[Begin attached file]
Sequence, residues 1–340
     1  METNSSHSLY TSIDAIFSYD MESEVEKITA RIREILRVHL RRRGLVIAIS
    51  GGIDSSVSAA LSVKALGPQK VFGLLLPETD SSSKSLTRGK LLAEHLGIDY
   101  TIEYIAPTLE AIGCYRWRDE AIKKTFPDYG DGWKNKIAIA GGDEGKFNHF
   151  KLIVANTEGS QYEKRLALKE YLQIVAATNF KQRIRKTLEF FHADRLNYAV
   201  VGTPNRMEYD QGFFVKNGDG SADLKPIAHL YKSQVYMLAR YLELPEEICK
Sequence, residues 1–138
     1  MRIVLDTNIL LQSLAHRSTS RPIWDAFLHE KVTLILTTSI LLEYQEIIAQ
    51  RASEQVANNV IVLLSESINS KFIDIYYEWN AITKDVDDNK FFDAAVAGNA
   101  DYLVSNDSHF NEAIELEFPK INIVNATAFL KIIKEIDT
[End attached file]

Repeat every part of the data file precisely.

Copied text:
Sequence, residues 1–340
     1  METNSSHSLY TSIDAIFSYD MESEVEKITA RIREILRVHL RRRGLVIAIS
    51  GGIDSSVSAA LSVKALGPQK VFGLLLPETD SSSKSLTRGK LLAEHLGIDY
   101  TIEYIAPTLE AIGCYRWRDE AIKKTFPDYG DGWKNKIAIA GGDEGKFNHF
   151  KLIVANTEGS QYEKRLALKE YLQIVAATNF KQRIRKTLEF FHADRLNYAV
   201  VGTPNRMEYD QGFFVKNGDG SADLKPIAHL YKSQVYMLAR YLELPEEICK
Sequence, residues 1–138
     1  MRIVLDTNIL LQSLAHRSTS RPIWDAFLHE KVTLILTTSI LLEYQEIIAQ
    51  RASEQVANNV IVLLSESINS KFIDIYYEWN AITKDVDDNK FFDAAVAGNA
   101  DYLVSNDSHF NEAIELEFPK INIVNATAFL KIIKEIDT